Have managed to waste most of today trying to update Apache 2 and/or PHP 4 on our various Windows servers. Most problems are being caused by certain PHP libraries and extensions requiring other files. This can sometimes be solved by adding the php folder and/or the php/dll folder to the system path, but some libraries are not happy with that and require you to copy them to the Windows system folder instead. Why we still have software that relies on such a stupid practice I don't know. It means, of course, that when you update PHP later, you need to copy those same DLLs again.

More confusion results from the error message you get in Apache's error.log file if a library doesn't load - for example, it might say:
Unable to load dynamic library 'C:\\php\\extensions\\php_ldap.dll' - The specified module could not be found.
...which might suggest that either the DLL file itself is missing, or that your path to the extensions folder is incorrect. Neither was the case.

To summarize, I found that:
extension=php_domxml.dll required libxml2.dll in the path or windows/system32 folder
extension=php_ldap.dll required both libeay32.dll and ssleay32.dll in the windows/system32 folder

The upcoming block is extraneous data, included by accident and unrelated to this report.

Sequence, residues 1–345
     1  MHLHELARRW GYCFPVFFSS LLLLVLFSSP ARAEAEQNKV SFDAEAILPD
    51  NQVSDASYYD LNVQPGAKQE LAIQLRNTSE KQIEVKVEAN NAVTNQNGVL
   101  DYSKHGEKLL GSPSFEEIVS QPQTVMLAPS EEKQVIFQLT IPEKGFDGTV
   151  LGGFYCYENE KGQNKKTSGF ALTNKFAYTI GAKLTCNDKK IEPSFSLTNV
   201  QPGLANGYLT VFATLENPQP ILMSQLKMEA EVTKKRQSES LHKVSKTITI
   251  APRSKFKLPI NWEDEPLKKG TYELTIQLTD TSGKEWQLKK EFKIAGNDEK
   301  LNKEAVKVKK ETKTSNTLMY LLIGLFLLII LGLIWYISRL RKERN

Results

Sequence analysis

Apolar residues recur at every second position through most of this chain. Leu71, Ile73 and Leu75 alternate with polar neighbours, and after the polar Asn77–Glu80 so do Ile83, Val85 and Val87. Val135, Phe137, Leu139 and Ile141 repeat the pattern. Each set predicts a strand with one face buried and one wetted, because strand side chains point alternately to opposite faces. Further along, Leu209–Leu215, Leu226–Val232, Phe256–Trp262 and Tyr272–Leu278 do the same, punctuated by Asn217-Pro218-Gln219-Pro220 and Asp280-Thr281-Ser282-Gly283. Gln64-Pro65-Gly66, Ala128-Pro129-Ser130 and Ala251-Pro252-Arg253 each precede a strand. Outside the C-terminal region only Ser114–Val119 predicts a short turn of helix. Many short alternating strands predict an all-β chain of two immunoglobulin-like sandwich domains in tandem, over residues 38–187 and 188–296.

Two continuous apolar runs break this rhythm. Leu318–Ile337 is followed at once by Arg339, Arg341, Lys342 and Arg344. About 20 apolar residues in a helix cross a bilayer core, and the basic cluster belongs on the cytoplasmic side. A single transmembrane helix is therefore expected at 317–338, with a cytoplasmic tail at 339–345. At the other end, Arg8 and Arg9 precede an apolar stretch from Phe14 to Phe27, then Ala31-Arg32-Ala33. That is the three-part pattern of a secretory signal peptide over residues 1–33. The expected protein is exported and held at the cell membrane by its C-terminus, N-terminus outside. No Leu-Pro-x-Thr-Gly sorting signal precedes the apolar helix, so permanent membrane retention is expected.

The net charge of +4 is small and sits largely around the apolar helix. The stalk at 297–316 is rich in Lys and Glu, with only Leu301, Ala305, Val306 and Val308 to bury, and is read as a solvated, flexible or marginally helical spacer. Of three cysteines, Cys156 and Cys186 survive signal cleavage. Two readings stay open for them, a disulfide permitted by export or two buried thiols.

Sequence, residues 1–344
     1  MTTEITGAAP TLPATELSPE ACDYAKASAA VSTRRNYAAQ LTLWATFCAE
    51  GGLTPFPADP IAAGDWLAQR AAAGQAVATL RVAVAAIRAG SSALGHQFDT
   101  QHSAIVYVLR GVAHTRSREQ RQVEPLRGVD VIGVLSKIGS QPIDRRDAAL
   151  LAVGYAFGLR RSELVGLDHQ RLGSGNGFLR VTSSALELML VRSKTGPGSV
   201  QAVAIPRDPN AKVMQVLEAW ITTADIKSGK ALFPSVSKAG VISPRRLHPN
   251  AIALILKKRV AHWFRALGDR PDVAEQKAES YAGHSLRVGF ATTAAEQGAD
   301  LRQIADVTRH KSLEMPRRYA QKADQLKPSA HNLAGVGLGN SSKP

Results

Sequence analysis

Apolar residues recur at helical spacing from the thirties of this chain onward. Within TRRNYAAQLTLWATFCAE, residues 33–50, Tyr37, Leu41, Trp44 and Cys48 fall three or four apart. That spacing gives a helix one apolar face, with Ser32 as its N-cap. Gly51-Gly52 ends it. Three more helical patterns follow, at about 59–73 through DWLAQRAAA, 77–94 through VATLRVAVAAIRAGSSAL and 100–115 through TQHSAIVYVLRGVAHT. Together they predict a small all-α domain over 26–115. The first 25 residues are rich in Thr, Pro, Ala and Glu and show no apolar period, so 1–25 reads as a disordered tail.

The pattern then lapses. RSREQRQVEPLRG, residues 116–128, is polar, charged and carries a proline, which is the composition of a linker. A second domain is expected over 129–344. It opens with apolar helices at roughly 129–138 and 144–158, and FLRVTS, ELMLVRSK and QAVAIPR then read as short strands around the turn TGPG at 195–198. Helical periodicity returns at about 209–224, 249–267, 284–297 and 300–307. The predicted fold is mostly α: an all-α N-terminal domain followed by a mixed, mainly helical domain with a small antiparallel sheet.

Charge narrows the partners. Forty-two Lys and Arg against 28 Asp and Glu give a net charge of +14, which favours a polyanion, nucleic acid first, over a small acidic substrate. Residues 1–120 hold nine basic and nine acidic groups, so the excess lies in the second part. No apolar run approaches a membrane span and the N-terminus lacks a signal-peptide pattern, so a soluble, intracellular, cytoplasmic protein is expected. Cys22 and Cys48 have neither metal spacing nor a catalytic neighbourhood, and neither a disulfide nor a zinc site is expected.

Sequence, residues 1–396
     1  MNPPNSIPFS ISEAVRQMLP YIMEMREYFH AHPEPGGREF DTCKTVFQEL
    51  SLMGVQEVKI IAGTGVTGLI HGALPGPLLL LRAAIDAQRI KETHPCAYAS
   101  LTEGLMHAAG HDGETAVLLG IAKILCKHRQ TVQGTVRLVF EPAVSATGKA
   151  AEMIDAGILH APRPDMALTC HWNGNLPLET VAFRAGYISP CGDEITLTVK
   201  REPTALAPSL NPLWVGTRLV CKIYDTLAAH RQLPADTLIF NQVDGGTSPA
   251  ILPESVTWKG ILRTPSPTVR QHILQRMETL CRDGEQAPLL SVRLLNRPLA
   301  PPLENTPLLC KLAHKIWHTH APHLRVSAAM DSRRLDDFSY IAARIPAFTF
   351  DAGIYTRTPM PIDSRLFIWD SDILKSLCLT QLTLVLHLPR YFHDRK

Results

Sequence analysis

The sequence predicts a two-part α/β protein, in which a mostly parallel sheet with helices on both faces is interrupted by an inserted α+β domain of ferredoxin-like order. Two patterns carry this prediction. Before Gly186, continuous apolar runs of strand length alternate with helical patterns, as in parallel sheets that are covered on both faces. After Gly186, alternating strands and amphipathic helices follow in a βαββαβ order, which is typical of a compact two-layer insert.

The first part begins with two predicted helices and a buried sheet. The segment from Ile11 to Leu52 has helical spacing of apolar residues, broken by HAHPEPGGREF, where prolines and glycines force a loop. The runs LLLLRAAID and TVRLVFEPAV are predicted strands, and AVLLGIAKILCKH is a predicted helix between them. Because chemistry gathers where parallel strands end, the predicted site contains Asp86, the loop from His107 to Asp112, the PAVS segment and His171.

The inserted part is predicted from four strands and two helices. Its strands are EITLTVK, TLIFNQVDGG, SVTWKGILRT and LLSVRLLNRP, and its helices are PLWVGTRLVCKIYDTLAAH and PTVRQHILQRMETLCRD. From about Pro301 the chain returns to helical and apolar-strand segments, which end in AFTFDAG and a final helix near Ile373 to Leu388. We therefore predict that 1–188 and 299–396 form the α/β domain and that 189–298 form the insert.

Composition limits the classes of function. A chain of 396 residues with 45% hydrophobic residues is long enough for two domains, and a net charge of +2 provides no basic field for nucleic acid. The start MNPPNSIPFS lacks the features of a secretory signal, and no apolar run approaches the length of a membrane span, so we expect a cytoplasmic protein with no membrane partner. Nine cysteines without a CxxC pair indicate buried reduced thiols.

php_mbstring.dll php_exif.dll and php_gd2.dll do appear to need any other files and can simply be enabled

Additional fun and games are caused by an apparent bug in recent and current versions of Apache 2.0.x resulting in "faulting module libapr.dll" appearing repeatedly in the system error log. Apparently this can be ignored...

Wednesday, 8 November 2006

Have been trying to get a colleague's Toshiba Satellite 6100 laptop working today, following Barry Erick's excellent page. Sadly I couldn't fix it, but I thought I'd take some photos JIC they are of help to anyone else.
From BBC News Online this morning - the changing fortunes of online learning:

E-degree graduates 'first in UK'
Five students are thought to be the first in the UK to graduate with an online foundation degree. The business and management part-time course is taught entirely online over three years by Bournemouth University and Leeds Metropolitan University.